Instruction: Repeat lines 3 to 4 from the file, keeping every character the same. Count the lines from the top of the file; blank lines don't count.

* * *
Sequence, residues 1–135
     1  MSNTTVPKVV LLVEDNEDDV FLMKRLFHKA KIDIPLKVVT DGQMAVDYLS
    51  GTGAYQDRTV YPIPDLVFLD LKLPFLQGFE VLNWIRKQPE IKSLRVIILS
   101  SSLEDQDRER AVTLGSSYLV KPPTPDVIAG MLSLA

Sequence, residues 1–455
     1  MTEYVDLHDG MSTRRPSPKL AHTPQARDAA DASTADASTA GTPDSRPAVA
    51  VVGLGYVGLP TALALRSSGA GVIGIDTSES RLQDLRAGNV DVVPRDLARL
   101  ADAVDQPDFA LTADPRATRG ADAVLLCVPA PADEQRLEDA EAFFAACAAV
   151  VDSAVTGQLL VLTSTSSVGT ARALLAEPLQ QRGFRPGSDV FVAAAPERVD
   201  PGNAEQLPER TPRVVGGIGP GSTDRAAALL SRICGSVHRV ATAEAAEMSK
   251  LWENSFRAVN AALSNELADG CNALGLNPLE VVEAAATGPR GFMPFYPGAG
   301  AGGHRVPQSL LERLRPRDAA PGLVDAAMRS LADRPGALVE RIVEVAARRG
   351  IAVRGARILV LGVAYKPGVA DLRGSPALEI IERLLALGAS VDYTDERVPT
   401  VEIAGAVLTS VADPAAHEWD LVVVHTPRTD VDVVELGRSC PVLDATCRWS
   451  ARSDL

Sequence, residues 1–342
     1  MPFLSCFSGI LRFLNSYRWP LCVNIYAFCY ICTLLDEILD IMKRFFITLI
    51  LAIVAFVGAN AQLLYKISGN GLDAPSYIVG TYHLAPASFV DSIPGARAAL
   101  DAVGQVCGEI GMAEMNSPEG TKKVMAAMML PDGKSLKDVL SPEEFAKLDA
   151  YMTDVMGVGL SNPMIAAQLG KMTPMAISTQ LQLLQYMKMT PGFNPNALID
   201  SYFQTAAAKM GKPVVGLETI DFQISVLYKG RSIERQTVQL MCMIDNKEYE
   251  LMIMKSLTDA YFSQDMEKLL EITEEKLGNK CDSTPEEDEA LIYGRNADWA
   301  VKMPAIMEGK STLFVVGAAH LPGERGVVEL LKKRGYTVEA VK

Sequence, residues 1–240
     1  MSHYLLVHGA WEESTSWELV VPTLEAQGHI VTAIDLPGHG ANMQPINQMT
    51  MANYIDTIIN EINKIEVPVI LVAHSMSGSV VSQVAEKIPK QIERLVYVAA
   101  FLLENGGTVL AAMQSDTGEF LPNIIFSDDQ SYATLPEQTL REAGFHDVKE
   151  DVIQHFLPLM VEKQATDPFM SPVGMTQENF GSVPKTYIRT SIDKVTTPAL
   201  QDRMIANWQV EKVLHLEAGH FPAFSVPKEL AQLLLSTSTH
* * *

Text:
    51  GTGAYQDRTV YPIPDLVFLD LKLPFLQGFE VLNWIRKQPE IKSLRVIILS
   101  SSLEDQDRER AVTLGSSYLV KPPTPDVIAG MLSLA